“A unique perspective on village life amid gentrification” – Theater Review: Village idiot @ Nottingham Playhouse

Kyra Patterson

the raucous comedy, village idiot, written by Samson Hawkins, was staged at the Nottingham Playhouse. The play incorporated musical numbers, magic, drag, and stand-up on stage, while the story provided a unique perspective on the life of the villagers amid the progression of gentrification. ImpactKyra Patterson reviews.

village idiot describes the family disputes surrounding the different opinions on the construction of the HS2 railway. Dirty-mouthed Barbara, played by Eileen Nicholas, wants to fight to keep her home in Syresham and will do whatever spying and gossip is necessary to avoid ending up in a “death camp” (i.e. a nursing home).

I found the cast to be appropriately diverse, as Faye Wiggan and Maximillian Fairley, who played cutesy couple Debi and Harry, described what life can entail for disabled people. They warmed up the crowd in the prologue by being extremely explicit from the start of the show. One poignant moment I found in the play was a scene in which the couple expresses the grievances they endure as people with disabilities, from being expected to be dependent and following others, to not being allowed to make their own mistakes because others commit them. for them. Hawkins champions diversity by allowing the audience to put themselves in the shoes of these misunderstood characters.

His farm accent transformed the entire space into the green pastures of Syresham.

Another actor who delivered was Mark Benton, who played the cheeky and lovable father Kevin. His farmer accent transformed the entire space into the green pastures of Syresham. The authenticity with which he portrayed Kevin further emphasized the effects of capitalism and gentrification on the hardworking farm folk who built this country and the treatment of the working class in society.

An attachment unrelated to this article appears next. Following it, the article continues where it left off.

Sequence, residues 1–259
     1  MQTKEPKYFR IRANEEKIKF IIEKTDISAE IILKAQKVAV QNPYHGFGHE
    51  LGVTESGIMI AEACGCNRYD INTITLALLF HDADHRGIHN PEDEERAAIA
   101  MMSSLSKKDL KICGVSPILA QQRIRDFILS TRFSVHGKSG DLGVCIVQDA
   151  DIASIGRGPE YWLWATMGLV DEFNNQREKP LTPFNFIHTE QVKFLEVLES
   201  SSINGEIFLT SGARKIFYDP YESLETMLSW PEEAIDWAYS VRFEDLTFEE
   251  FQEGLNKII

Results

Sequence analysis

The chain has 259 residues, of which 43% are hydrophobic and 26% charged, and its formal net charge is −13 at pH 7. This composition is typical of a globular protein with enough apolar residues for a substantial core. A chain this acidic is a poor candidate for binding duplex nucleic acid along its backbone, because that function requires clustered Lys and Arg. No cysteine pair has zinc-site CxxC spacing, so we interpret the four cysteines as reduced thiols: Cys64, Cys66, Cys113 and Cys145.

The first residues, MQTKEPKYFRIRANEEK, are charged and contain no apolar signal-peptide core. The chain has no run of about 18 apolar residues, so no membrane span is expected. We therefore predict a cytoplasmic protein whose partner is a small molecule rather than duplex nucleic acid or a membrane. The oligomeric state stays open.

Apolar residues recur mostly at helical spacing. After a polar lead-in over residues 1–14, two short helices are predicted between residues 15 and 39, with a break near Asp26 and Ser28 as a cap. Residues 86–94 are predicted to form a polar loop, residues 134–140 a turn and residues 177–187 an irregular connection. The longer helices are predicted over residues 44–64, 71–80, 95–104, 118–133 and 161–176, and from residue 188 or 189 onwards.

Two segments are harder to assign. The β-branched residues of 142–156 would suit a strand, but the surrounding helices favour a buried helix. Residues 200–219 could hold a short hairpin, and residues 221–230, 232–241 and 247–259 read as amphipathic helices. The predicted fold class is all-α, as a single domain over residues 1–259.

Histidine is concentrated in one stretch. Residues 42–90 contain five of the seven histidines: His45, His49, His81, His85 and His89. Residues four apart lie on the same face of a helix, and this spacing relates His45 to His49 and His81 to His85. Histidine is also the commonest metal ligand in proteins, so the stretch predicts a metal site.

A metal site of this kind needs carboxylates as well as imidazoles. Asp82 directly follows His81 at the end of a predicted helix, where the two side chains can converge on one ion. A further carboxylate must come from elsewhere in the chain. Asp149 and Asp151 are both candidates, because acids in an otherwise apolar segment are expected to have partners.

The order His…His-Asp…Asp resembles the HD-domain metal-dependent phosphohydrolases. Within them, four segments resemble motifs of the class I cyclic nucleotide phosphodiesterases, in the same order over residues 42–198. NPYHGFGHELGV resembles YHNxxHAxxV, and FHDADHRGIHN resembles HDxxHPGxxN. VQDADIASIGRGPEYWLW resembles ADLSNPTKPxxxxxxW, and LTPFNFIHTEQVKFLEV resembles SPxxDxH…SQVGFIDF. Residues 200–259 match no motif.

The standout performance of the night came from actor Joseph Langdon, who played Liam: simple yet handsome, emotional yet youthful, and genuinely funny. His one-liners not only amused the crowd, but his heartfelt declaration of love won their hearts. I think he deserves the utmost respect for his portrayal of a hard-working young man facing the struggles of poverty while also harboring a secret.

This boldly offensive comedy was a thoroughly enjoyable watch.

Aside from the main plot, the setting doubled as Syresham’s Got Talent. This worked as much-needed comic relief from the major themes of class, race, gender identity, sexuality, and disability. During this immersive village performance, the audience witnessed musical numbers, a Cher drag act by actor Philip Labey and a rap performance on environmental rights by Langdon.

I found that Hawkins played into the controversial current issues in British culture and politics by including entertaining jokes about the royal family, Brexit and sentiment towards the haughty townsfolk commonly referred to in the play as ” the villagers”. Consideration of these kinds of topics spawned many relatable jokes.

This boldly offensive comedy was a thoroughly enjoyable watch. After seeing village idiotI would highly recommend others to check out more of Samson Hawkins’ work!

village idiot will end on the 25thhe March 2023. You can buy tickets at https://nottinghamplayhouse.co.uk/events/village-idiot/.

Kyra Patterson

Featured image courtesy of Alex Watkin. Use permission granted to Impact. No changes were made to this image.

Article image courtesy of @nottmplayhouse via Instagram.com. No changes were made to this image.

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